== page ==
Warren Bardsley


Bats Left Hand.
Bowls Does Not Bowl


Bats Left Hand.
Bowls Does Not Bowl








Ashes Tests: 30

Captain: 2

Record: 2 draws

Off the Mark

For Warren Bardsley, cricket was everything. From 6 AM, when he would train at Jubilee Oval, to 6PM, cricket was all he focused on. In fact, cricket dominated his life for so long that he didn’t get married until he was 62.

Fortunately for Australia, he was a tremendous servant of the game. His record in England was superb (29 first-class centuries) while his overall Ashes record was equally as impressive. Bardsley managed 1,487 runs at 33.04 against England, including 1,300 at 50 away from home.

His Stint

Bardsley led the national side on two occasions while Herbie Collins was out through neuritis. The 1926 tour was a tough one for Australia, who relinquished the Ashes for the first time since 1912.

On a sodden wicket in Leeds, Bardsley seemed affected by the unfamiliar role. After being sent in on a treacherous looking pitch, Bardsley lasted just one ball before edging one off Maurice Tate. Three centuries were scored in a match that never really got going due to the horrible English weather.

The next match at Old Trafford was also ruined by inclement weather. Bill Woodfull and Charles Macartney each made hundreds for Australia, but persistent rain wold ensure the match was once again drawn.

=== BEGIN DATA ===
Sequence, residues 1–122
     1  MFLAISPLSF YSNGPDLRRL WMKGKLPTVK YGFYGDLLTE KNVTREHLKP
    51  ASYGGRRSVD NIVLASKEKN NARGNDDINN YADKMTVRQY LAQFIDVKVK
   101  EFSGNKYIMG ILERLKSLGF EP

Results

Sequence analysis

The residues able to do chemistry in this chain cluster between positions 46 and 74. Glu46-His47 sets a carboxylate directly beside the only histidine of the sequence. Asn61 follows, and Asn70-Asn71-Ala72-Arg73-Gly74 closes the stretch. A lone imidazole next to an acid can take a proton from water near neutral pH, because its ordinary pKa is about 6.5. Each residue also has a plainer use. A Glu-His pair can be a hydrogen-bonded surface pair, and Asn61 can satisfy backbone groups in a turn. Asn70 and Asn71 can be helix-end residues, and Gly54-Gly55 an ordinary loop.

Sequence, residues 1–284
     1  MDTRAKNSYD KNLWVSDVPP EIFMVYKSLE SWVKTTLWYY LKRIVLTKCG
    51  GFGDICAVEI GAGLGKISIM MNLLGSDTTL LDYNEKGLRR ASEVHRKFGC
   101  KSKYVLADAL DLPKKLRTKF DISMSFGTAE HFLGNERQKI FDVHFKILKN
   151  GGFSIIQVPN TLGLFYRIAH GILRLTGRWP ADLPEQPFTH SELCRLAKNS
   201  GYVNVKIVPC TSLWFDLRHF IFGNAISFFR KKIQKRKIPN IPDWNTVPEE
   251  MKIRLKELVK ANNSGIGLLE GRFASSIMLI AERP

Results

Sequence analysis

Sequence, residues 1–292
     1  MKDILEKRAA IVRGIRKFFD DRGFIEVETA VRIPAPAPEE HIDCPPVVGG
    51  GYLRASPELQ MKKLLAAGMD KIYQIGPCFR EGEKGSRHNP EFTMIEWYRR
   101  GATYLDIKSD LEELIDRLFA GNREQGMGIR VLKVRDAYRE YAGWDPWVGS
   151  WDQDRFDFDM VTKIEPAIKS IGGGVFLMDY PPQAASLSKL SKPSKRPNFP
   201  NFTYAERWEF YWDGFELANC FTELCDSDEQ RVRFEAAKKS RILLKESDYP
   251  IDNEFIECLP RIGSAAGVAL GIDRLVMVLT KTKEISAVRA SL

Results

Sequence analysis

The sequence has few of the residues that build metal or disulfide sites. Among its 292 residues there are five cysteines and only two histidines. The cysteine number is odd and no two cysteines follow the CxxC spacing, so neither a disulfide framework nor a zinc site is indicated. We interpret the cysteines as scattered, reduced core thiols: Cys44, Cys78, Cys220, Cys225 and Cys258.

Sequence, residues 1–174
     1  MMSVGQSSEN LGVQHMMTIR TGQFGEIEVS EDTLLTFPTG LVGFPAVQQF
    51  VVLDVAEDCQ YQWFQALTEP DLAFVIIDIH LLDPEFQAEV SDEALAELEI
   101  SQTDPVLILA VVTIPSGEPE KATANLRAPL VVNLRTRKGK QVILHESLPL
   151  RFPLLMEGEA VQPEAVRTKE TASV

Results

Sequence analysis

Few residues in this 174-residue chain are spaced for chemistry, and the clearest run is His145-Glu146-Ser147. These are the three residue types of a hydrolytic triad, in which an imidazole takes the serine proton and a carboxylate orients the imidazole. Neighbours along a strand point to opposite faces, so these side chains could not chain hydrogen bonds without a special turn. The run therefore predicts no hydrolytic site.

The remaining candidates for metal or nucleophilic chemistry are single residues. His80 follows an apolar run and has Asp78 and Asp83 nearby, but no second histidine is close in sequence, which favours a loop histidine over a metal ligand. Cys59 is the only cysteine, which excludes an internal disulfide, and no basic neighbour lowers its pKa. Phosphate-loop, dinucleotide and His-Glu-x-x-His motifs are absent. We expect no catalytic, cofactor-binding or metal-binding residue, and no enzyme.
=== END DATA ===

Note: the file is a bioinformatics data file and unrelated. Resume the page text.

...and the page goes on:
His Legacy

It was hard to get a gauge on whether Bardsley would have made a good captain. With rain washing away any chance of continuous cricket, at least Bardsley can say he ended his career as an undefeated leader. However, judging by his performances with the bat, it is fair to say that captaincy weighed very heavily on his mind.

Interestingly, Bardsley only played one more Test after the match at Old Trafford. In fact, he didn’t play any more first-class cricket after the series defeat. At 43, he felt he had done enough for his country, and to his credit, he was probably right. He finished his first-class career with 53 centuries; a feat only bettered by Sir Donald Bradman and Al Hassett.

Played and Missed

At 43, Bardsley became the oldest player to ever captain Australia. He was also the oldest player to score a century for his country.

Against England in 1909, Bardsley became the first player in Test history to register centuries in each innings. His 136 and 130 at the Oval stunned the English crowds, making him an instant favourite back home.

The left-hander outlasted England for over six hours with an unbeaten 193 at Lord’s (the highest score at the ground at the time).

In an era where players were often reprimanded for disorderly conduct, Bardsley’s only fine was for wanting to play “too many matches.”

A noted fitness freak, Bardsley put his longevity down to only bowling 54 deliveries in a 250 match career.